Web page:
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Strange Variance Requests

boiker

Cyburbian
Messages
3,889
Points
26
I was thumbing through Muncie, IN/Delaware County's webpage and read their examples what what a variance hardship is not. Example #4 got me laughing. What are some strange zoning variation requests you have received and what are some of the strangest hardship arguments you have heard?

WHAT HARDSHIP IS NOT. For the purpose of granting a variance, the following instances or similar ones shall not be considered hardships:

1. That the owner could sell his property for more if the Board would permit its development for commercial purposes.

2. Erection of an apartment with more units than allowed by the ordinance and occupying greater area.

3. A venture which is financially advantageous to the applicant or a financial loss if a variance was denied.

4. The absence of a grocery in a neighborhood and the implication that housewives suffer inconvenience by it.
 

NHPlanner

A shadow of my former self
Staff member
Moderator
Messages
9,952
Points
40
Strange things in Muncie......no way. ;-)

I'll need to think back to my old job...there were a few really bad arguments....but none come springing to mind....
 

SlaveToTheGrind

Cyburbian
Messages
1,458
Points
27
How many truly neighborhood grocers are there? Not much anymore. And if there was one, the "housewife" would probably complain that there is not enough selection available.

One of my last variance requests was a pedieatcian with a 7,000 square foot house on a 13,000 square foot llot. He wanted to extend into the rear setback to build a storage room for more of his toys. Not very unusual but it was denied, and it brought joy to my soul. :-}
 

boiker

Cyburbian
Messages
3,889
Points
26
The variation for grocery in a residential reminded me of an enforcement case, not variation, where a homeowner in a rather poor neighborhood put a pop machine on her porch (50 cents a can) for the neighborhood kids and a payphone on her porch for those who didn't have a phone.

I, police officers, code enforcement, and some other divisions were on a sweep in her area. I told the owner that the pop machine and phone created a commercial accessory use in a residential area and needed to be removed. Right after that, two police officers went up and used the pop machine. (bleeping idiots)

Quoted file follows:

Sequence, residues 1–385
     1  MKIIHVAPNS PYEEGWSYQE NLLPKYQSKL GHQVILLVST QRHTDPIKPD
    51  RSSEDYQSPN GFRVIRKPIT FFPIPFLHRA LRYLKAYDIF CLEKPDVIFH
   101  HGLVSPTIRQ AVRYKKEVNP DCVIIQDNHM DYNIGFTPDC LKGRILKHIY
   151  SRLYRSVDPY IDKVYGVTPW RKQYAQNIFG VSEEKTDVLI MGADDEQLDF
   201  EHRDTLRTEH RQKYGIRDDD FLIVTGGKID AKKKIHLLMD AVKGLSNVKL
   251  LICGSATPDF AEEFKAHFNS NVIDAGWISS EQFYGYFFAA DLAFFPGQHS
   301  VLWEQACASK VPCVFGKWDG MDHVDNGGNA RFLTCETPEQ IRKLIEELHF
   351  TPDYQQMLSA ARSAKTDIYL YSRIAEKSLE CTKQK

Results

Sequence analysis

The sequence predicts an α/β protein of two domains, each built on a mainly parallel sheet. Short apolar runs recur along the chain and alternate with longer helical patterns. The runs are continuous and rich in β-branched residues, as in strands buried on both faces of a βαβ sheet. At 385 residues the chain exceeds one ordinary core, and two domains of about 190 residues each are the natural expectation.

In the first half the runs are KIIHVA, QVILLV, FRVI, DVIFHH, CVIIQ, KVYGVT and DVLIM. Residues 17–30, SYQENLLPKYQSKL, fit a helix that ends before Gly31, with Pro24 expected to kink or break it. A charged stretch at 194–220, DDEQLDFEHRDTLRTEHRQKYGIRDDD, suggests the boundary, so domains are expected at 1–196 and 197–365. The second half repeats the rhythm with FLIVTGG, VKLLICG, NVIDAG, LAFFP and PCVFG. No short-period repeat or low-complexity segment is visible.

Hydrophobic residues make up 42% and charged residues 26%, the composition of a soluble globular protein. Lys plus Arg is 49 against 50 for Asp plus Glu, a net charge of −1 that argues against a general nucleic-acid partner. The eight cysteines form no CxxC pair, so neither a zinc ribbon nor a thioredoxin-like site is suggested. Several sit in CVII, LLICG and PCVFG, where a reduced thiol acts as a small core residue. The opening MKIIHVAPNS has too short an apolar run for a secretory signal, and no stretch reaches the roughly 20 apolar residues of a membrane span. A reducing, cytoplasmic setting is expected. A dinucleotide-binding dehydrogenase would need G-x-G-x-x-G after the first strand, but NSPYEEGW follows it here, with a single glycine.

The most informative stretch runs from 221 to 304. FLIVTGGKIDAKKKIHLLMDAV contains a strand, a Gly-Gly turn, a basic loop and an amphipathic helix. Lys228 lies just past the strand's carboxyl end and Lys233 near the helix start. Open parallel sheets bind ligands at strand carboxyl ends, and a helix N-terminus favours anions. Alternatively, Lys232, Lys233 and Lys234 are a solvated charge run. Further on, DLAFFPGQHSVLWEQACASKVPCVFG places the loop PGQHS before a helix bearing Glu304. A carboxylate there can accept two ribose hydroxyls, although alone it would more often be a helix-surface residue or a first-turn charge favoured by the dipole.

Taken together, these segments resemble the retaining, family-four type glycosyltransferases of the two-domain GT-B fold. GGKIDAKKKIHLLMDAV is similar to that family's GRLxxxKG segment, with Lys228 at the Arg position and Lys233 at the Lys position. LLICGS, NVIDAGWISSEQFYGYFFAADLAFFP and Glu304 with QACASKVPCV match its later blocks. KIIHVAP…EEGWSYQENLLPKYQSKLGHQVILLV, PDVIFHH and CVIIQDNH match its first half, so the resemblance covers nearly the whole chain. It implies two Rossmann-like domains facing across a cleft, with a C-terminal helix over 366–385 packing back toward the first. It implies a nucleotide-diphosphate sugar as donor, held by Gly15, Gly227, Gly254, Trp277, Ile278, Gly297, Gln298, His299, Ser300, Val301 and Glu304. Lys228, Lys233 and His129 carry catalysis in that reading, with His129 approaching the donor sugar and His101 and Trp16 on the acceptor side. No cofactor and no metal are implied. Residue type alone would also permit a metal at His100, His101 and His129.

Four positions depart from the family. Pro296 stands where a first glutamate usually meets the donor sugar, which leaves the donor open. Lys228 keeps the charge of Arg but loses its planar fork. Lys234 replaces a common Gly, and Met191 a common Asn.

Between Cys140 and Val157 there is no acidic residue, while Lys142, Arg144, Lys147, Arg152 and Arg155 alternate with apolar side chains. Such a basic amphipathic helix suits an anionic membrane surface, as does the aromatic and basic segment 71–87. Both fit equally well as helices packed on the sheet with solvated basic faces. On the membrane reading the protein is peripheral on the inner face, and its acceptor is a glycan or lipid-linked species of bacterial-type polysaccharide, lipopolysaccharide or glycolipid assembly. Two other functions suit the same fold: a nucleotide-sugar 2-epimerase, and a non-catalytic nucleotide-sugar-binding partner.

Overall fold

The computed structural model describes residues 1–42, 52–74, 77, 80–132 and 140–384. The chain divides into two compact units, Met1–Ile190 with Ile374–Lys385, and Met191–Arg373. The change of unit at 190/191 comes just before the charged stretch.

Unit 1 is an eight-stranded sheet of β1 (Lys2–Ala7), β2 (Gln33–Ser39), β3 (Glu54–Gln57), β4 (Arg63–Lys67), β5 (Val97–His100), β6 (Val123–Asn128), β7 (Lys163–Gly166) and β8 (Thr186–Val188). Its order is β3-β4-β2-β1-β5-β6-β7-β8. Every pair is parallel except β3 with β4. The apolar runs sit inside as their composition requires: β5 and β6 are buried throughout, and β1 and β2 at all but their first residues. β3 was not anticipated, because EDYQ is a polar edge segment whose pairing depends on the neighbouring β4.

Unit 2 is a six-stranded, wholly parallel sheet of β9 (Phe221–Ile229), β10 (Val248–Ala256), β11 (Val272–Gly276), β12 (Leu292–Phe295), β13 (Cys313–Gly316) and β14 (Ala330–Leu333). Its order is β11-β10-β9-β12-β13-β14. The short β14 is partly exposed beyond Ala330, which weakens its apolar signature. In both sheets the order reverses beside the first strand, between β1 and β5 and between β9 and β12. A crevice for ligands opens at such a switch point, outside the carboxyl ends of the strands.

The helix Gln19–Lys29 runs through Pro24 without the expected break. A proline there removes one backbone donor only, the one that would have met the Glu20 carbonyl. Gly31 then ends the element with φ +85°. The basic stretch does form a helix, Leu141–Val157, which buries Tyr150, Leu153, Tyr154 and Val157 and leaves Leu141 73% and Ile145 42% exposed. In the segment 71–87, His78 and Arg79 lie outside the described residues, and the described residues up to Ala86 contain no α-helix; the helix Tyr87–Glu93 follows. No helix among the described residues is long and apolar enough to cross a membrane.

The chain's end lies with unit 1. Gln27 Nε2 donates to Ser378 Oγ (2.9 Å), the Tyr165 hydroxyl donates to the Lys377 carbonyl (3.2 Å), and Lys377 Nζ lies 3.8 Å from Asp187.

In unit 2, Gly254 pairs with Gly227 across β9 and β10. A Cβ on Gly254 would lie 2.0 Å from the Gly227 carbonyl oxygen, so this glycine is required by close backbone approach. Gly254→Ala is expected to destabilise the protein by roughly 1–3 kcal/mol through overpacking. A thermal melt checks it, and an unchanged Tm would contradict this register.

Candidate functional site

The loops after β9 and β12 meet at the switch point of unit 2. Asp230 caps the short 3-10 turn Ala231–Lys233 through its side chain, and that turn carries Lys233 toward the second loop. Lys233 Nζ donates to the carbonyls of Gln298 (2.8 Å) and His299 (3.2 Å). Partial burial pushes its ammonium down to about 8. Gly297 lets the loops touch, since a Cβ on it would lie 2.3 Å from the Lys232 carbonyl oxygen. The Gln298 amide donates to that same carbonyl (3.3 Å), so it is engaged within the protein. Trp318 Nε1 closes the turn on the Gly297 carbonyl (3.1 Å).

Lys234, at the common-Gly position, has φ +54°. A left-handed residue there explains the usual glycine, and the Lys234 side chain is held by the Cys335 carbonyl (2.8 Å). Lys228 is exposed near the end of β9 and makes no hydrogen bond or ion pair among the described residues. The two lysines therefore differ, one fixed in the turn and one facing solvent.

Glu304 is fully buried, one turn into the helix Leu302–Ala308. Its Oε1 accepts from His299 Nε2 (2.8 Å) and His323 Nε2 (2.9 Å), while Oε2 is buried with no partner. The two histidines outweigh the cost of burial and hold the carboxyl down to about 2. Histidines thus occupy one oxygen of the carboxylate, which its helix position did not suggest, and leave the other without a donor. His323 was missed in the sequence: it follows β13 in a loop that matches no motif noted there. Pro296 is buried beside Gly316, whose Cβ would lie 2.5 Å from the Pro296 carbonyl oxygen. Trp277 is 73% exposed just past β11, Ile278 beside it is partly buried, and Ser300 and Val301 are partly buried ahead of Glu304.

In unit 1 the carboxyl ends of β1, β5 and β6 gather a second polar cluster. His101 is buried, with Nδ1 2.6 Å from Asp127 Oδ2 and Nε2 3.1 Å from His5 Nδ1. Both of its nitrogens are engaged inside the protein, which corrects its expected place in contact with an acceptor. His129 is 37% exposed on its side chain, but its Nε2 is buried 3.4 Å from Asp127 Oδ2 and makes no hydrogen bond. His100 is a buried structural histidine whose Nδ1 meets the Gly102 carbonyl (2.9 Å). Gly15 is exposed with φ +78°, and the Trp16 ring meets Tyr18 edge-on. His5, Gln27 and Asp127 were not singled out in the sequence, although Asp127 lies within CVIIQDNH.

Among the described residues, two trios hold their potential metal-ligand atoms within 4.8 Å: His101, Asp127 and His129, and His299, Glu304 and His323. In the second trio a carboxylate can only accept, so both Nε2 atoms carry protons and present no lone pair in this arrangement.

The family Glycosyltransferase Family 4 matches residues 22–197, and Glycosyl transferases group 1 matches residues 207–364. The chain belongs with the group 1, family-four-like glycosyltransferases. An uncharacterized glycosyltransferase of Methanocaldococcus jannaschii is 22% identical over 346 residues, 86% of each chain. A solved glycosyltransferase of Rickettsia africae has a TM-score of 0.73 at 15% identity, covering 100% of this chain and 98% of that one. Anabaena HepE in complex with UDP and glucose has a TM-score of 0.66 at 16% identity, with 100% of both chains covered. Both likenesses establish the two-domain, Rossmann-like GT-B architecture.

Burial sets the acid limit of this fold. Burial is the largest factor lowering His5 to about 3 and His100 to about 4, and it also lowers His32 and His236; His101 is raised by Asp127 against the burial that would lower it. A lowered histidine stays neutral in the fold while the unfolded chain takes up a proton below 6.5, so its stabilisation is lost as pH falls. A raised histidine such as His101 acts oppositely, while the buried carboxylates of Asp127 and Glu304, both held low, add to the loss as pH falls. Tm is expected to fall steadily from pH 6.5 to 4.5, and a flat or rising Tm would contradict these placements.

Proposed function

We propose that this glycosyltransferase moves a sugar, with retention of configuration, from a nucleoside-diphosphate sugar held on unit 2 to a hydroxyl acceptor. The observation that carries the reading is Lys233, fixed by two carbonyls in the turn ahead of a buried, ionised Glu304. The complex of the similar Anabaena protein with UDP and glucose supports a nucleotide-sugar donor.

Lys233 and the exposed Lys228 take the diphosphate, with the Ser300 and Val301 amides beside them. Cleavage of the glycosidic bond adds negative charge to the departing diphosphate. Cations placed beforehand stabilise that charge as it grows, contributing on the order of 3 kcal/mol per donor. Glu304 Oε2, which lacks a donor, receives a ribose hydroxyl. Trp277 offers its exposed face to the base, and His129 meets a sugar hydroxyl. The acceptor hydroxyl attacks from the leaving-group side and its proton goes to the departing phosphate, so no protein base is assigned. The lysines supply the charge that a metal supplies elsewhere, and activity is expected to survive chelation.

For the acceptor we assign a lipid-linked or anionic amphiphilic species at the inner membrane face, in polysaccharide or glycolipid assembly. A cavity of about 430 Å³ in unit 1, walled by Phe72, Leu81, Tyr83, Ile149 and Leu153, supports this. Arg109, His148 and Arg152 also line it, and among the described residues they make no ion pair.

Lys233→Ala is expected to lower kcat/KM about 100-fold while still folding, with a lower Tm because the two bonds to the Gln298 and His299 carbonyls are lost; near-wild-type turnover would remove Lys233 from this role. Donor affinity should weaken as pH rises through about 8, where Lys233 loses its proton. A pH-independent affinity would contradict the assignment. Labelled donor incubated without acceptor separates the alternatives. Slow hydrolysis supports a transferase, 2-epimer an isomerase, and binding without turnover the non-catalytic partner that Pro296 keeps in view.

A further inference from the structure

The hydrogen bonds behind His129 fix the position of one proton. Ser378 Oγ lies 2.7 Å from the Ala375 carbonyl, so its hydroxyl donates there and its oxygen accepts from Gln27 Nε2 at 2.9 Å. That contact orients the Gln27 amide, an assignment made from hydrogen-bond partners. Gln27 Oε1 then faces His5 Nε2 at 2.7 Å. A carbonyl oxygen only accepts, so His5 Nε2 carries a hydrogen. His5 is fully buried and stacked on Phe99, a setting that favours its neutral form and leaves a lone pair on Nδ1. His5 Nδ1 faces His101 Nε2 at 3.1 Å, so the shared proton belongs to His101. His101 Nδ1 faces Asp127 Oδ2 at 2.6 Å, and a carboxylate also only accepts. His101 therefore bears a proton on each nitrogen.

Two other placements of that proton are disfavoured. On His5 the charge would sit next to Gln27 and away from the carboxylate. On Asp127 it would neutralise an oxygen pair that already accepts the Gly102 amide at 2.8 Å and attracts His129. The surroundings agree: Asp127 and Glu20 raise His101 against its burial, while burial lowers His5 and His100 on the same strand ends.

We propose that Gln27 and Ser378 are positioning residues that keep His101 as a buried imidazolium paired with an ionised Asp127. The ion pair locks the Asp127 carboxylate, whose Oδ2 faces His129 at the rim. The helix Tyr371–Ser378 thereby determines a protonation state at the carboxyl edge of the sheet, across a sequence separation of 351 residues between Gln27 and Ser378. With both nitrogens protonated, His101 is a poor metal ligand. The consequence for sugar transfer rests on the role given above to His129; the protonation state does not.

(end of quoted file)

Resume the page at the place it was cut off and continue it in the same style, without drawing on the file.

Richmond Jake

You can't fight in here. This is the War Room!
Messages
18,313
Points
44
One of the first land division applications I processed was a two-lot split that included a request for variances to the minimum required lot size. The applicant's stated hardship: he couldn't divide the land without a variance. Application flushed.
 

BKM

Cyburbian
Messages
6,463
Points
29
boiker said:
The variation for grocery in a residential reminded me of an enforcement case, not variation, where a homeowner in a rather poor neighborhood put a pop machine on her porch (50 cents a can) for the neighborhood kids and a payphone on her porch for those who didn't have a phone.

I, police officers, code enforcement, and some other divisions were on a sweep in her area. I told the owner that the pop machine and phone created a commercial accessory use in a residential area and needed to be removed. Right after that, two police officers went up and used the pop machine. (bleeping idiots)

I think this would be a "wink until someone complains" case here???
 

DecaturHawk

Cyburbian
Messages
880
Points
22
I once had a porno shop owner try to convince me we should allow him to open a shop in the downtown (they are only allowed in manufacturing districts) because their sales of "marital aids" would promote stable marriages.
 

Repo Man

Cyburbian
Messages
2,549
Points
25
DecaturHawk said:
I once had a porno shop owner try to convince me we should allow him to open a shop in the downtown (they are only allowed in manufacturing districts) because their sales of "marital aids" would promote stable marriages.

Now that's somthing the Bush Administration can get behind!

Here is a quote from one of our BOA meetings: "This height restriction is a hardship on my taste in architecture!" Then he mouthed off to the Asst. City Attorney and the entire board and threatened to put up the ugliest 15 foot high garage he could find....REQUEST DENIED!
 

ludes98

Cyburbian
Messages
1,264
Points
22
Nothing strange, but when I worked in the wireless industry, I requested and received variances all the time I would not have recommended if I was on the other side of the table.
 

michaelskis

Cyburbian
Messages
20,232
Points
52
Park where ever you want, on what ever you want.